|Kanji in this term|
|か > が
Compound of 万葉 (man'yō, “ten thousand leaves”, from the title of the Old Japanese poetry anthology, Man'yōshū, “Collection of Ten Thousand Leaves”) + 仮名 (kana, “phonetic character”, literally “borrowed characters” or “borrowed names”, from the way the characters were borrowed for their phonetic values). The kana changes to gana due to rendaku (連濁).
This kind of phonetic re-use of Chinese characters was broadly popularized by the the Man'yōshū. Chinese used phonetically to spell Japanese occurs even earlier in the historical record, such as on the Inariyama Sword, dated to 471 or 531.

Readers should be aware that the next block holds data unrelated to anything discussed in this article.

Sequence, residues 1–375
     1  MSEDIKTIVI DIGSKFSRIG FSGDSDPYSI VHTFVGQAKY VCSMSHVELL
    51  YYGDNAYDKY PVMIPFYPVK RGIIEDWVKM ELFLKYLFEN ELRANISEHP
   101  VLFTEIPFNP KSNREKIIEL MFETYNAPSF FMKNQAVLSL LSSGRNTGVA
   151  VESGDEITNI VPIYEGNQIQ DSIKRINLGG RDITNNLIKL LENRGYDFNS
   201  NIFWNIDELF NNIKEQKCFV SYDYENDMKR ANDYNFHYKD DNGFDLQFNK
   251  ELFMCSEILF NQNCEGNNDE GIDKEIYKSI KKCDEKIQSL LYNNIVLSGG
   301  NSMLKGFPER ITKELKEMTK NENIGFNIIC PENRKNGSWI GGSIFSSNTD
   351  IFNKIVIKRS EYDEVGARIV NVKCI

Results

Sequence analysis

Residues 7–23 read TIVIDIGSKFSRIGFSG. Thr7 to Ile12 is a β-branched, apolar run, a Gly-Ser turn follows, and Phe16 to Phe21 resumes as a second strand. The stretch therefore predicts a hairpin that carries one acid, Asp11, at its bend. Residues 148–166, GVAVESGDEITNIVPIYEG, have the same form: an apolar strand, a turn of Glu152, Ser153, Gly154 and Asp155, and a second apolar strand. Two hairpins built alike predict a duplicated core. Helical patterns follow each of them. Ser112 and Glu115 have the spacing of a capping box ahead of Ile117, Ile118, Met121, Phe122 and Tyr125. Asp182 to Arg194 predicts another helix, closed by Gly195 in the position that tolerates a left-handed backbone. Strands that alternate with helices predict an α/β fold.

- (Tokyo) ま [màń'yóógáná] (Heiban - )
- (Tokyo) ま うがな[màń'yóꜜògànà] (Nakadaka - )
- IPA(key): [ma̠n.jo̞ːɡ̃a̠na̠]
- the early Japanese syllabary using Chinese characters to represent Japanese sounds: the predecessor of hiragana and katakana